On May 20, 2023, the Minnesota legislature amended Minnesota’s Survival of Claims and Wrongful Death statutes. The amendments extend a potential-defendant’s liability by: (1) allowing trustee-plaintiffs to maintain claims on behalf of a deceased party, that historically could not be brought after death; and (2) allowing trustee-plaintiffs to potentially recover for all damages allegedly suffered by the decedent, not just economic harms stemming from and related to the death of the deceased party.

I. Survival of Claims Statute – Minn. Stat. § 573.01

Previously under Minnesota’s Survival of Claims statute, “[a] cause of action arising out of an injury to the person die[d] with the person in whose favor it exist[ed].” Minn. Stat. § 573.01 (1983). “[I]njury to the person” was not defined in the statute. Lipka v. Minn. Sch. Emps. Ass’n, Local 1980, 537 N.W.2d 624, 629 (Minn. App. 1995), aff’d 550 N.W.2d 618 (Minn. 1996). To determine whether a claim survived or abated, a court assessed the “primary and moving cause of the damages sought”.  Id.  “Injuries that [were] personal to the decedent abate[d] upon death, whereas injuries to the estate’s property interests usually [did] not.” Nelson v. Holland, 776 N.W.2d 446, 449 (Minn. App. 2009).

Minnesota lawmakers have now amended the Survival of Claims statute so that a claim arising from an injury to a person survives the death of any party in accordance with Minnesota’s Wrongful Death statute. Minn. Stat. § 573.01 (2023).  In essence, this amendment opens the door for considerable expansion of the types of recoverable damages under Minnesota’s Wrongful Death statute, repudiating nearly forty years of precedent in Minnesota.

II. Wrongful Death Statute – Minn. Stat. § 573.02

A. Available Actions and Time Limitations

The May 20, 2023 amendment to Minnesota’s Wrongful Death statute did not change the types of claims available under the statute.   A plaintiff acting on behalf of the deceased may bring either a death action or an injury action to attempt to recover damages “for the exclusive benefit of the surviving spouse and next of kin.” Minn. Stat. § 573.02. The type of action available to the trustee-plaintiff turns on whether the purported wrongful actor allegedly: (a) caused the death by a wrongful act or omission; or (b) caused an injury by an act or omission unrelated to the decedent’s death. Minn. Stat. § 573.02 Sub. Div. 1-2 (2023) (describing the death action and injury action respectively). Both actions may be brought within three years after the date of death and must be brought before six years from the wrongful act or omission; however, no such limitations exist for intentional acts constituting murder. Id.

B. Effect of the Amendment

Prior to the amendment, recovery for death action trustee-plaintiffs was limited to “the amount the jury deems fair and just in reference to the [monetary] loss resulting from the death. . . proportionate to the [monetary] loss [separately] suffered by the death.” Minn. Stat. § 573.02 Sub. Div. 1 (1999). Comparatively, an injury action trustee-plaintiff could only maintain an action for the potential recovery of economic or “special” damages “if the decedent might have maintained an action therefor had the decedent lived.” Id. at Sub. Div. 2. Consequently, defendants were exposed to less potential liability as trustee-plaintiffs could only recover for economic damages under the death and injury actions.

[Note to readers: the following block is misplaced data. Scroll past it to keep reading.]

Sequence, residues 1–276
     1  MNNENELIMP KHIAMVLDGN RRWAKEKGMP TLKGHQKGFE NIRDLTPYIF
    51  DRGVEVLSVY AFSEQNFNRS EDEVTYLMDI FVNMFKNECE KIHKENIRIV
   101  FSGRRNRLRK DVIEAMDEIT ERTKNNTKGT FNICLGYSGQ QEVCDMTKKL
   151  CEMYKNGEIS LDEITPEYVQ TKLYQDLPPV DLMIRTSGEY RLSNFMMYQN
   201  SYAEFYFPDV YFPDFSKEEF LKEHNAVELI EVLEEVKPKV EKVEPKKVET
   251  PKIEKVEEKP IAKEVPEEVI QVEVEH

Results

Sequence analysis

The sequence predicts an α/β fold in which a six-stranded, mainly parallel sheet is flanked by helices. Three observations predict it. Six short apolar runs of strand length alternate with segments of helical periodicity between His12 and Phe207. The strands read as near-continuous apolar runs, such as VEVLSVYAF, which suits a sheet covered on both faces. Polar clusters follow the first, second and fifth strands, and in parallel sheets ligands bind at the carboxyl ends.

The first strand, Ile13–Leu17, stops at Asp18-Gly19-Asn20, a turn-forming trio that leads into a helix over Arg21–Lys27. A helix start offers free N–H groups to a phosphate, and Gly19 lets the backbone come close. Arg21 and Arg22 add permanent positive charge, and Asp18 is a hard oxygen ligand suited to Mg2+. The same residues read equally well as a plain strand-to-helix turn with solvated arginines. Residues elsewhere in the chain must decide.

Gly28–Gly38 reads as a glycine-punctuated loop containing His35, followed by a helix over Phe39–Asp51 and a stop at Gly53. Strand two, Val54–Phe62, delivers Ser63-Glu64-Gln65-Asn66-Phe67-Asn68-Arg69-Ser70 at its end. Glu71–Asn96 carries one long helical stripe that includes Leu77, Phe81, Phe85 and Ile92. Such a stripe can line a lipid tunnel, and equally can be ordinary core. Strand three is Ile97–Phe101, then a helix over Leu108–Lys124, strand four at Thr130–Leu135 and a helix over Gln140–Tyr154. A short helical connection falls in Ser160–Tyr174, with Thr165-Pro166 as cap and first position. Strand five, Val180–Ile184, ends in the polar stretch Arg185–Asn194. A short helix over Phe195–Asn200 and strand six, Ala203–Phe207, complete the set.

After the May 2023 amendments, recovery under the death action was expanded to include “all damages suffered by the decedent resulting from the injury prior to the decedent’s death and the [monetary] loss resulting from the death . . . proportionate to the [monetary] loss [separately] suffered by the death.” Minn. Stat. § 573.02 Sub. Div. 1 (2023) (emphasis added). Similarly, an injury action trustee-plaintiff may now maintain an action and potentially recover “for all damages arising out of such injury if the decedent might have maintained an action therefor had the decedent lived.” Id. at Sub. Div. 2 (emphasis added).

Consequently trustee-plaintiffs bringing either a death action or an injury action may now maintain, and therefore potentially recover from, all claims allegedly caused by defendants including, for example non-economic damages for pain and suffering.  

III. Conclusion

For toxic tort and asbestos defendants, these amendments will enable trustee-plaintiffs to maintain claims that historically could not be brought after the death of the deceased, and opens the door to recovery of non-economic damages in Minnesota for a potentially large pool of claimants. Ultimately, this legislation amplifies the risk of large jury awards in the future and in turn may lead to larger settlements for asbestos and other tort defendants litigating in Minnesota.

Written with the assistance of James Battle, a summer associate in the Husch Blackwell LLP Saint Louis office